This Week the brilliant dad feature is Olly and he blogs over at savvydad.co.uk, where He writes about parenting, family finance and ways to make and save money. He started his blog in 2016 and has recently been shortlisted as a finalist in the New Blog of the Year category for the SHOMO awards in London.
Thank you to Olly for taking part.
1. Have you always wanted to be a dad?
I have a love and hate relationship with time, being a teacher alongside my blogging means I measure time in academic years and they’ve started to fly by quicker than ever. I hadn’t really considered whether I’d make a good dad until my wife and I made the decision to try for our first child. To put it mildly, we had a troubled time at first with pregnancies, but this made us more determined to succeed and made me even more eager for the arrival of out first child. The pregnancy felt like time slowed to a stand still and counting the weeks down, for me, was an anxious time. However, in June 2013, our first child Max arrived ready to cause immediate havoc!
2. How did you feel when your children were born?
Max’s birth was amazing and surreal. It didn’t at first feel like this little bundle had really arrived. But slowly over a few hours I realized we’d really made this magnificent little boy. It wasn’t straightforward though, as when Max’s final checks for release were being done a transient arrhythmia (slow heartbeat) was picked up. Two weeks of NICU (Neo-Natal Intensive care) observations then begun while specialists did checks on both him and us as parents. Max wasn’t allowed home, and both my wife and I basically lived in the hospital for a fortnight – stuck in limbo.
First day out of hospital saw us not going home, but instead boarding a train to London to visit Great Ormond Street Hospital. As the years passed, and numerous more trips to London were had, Max was finally given the all clear from Great Ormond Street. No arrhythmia had re-occurred on any tests in two years. It was put down to the fact the signal for the QT interval was flexible in the transition between womb and life. Basically it takes a small length of time for the signal to settle. We could have done without the stress, but the staff were amazing and it was a positive outcome in the end.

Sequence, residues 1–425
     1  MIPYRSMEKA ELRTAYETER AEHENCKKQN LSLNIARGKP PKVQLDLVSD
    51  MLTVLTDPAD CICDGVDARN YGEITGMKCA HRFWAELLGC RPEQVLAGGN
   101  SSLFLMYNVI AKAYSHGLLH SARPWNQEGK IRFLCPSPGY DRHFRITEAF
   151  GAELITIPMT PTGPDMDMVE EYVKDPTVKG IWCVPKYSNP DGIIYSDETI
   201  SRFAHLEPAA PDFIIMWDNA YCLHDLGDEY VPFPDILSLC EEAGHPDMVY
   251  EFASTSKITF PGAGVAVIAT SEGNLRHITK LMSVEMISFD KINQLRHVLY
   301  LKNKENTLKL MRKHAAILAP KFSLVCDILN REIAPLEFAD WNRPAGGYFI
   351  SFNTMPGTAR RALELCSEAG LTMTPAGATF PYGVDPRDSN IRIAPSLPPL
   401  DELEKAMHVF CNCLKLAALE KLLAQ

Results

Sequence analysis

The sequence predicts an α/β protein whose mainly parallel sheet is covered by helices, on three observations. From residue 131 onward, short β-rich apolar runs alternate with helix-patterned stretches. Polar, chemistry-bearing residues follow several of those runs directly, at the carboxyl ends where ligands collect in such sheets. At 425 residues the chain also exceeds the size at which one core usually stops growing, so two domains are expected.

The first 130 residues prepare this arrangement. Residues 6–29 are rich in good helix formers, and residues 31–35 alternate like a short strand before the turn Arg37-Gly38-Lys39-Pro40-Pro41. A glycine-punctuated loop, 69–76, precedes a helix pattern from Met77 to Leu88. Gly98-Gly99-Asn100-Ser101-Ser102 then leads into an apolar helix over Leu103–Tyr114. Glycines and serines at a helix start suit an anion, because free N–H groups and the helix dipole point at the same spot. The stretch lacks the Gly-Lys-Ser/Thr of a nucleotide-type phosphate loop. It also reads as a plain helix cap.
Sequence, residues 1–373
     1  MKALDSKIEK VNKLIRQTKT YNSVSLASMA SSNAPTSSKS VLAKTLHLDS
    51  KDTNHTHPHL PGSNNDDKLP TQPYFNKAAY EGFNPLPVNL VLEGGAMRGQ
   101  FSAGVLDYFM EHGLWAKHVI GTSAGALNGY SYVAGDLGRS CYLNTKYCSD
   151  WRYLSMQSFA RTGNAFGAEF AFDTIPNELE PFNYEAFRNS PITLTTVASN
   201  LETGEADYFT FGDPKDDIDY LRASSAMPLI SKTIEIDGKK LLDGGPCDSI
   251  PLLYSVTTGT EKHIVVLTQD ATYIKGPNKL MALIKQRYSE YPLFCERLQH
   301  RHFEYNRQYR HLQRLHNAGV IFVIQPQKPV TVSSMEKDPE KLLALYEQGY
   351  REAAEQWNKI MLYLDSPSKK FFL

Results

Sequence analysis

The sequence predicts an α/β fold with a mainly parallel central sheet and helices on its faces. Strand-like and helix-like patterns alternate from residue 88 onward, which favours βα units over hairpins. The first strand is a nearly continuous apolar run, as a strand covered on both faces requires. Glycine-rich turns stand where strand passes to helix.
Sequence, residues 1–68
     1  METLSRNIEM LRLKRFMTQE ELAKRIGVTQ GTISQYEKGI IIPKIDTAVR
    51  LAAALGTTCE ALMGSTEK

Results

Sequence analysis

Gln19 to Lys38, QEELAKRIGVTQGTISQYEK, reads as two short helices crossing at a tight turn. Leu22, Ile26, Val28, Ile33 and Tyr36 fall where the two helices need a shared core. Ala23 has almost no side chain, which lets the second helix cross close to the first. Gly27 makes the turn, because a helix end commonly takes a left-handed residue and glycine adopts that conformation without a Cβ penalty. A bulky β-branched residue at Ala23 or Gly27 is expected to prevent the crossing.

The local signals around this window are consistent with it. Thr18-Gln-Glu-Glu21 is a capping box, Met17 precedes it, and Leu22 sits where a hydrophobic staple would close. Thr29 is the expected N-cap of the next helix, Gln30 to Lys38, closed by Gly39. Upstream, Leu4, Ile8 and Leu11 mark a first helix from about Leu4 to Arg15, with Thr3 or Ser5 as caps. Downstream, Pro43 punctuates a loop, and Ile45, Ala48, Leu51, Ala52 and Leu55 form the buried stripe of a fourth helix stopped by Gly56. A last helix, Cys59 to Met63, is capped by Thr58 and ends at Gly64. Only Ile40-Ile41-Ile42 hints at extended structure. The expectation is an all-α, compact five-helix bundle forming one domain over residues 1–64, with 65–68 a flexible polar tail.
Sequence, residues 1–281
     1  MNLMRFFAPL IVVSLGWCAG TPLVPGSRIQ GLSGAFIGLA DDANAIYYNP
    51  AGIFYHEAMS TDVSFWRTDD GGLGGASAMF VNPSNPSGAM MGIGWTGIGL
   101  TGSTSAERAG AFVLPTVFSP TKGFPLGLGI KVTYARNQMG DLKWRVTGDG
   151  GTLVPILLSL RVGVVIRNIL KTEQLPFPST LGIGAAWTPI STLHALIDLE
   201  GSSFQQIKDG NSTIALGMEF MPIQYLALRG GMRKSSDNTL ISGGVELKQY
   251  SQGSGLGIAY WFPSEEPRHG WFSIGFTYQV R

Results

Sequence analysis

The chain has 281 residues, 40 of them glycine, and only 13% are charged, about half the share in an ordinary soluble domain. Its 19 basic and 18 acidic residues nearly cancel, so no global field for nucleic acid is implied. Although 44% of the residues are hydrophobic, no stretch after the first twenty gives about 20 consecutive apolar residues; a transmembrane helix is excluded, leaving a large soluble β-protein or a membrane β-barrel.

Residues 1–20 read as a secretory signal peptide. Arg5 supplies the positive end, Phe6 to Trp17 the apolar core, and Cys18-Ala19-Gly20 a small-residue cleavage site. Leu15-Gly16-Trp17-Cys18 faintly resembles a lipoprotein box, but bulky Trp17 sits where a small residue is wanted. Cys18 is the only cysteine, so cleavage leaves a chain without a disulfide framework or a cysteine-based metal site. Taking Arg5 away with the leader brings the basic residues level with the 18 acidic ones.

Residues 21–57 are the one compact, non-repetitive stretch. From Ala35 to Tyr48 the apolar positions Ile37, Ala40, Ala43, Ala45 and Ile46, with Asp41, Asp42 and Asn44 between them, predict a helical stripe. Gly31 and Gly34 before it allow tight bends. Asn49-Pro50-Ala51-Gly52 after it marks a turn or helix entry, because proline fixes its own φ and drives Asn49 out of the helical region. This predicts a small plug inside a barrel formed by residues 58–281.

3. What have been the most rewarding experiences been so far?
First steps, first words, cuddles and laughs – all accompanied by the coughs, cold, nappies and tantrums that make parenting a challenge but more rewarding than any other experience. The arrival of our second little one, Samuel, in 2016 made the tag-team complete and now we’re really in trouble as he’s just started running!
4. What are some of funniest moments to have happened to you as a dad?
My boys are certainly stubborn – so when they learn a new word, how they pronounce it, is how it should be said in their minds. There’s nothing more hilarious than the linguistic gymnastics and amusing sayings kids develop as they grow and develop. Currently Max has discovered my Lord of the Rings chess set and is insisting the ogre is a “Yoga”.
5. Have there been any situations with your children that you found difficult to cope with?
Tantrums aren’t easy to deal with, and just because I’m also a teacher doesn’t mean I have the answers to dealing with them. One of the hardest things to come to terms with was realising everyone needs support with their kids at some point. It’s why I wrote about tantrums on my blog and how you’re never right to think you’re alone.
6. What are your dreams and hopes for your children?
To have a clear understanding and drive to succeed in what they want as a life and career. To be resilient and able to take the knocks alongside the amazing opportunities that life can provide. To find something that makes them happy, and not stuck in a role that stifles them or makes them something they’re not. I’m proud of them whatever they do, and wherever they go. And yes, I’ll be ready to go through it all again if we ever become Grandparents…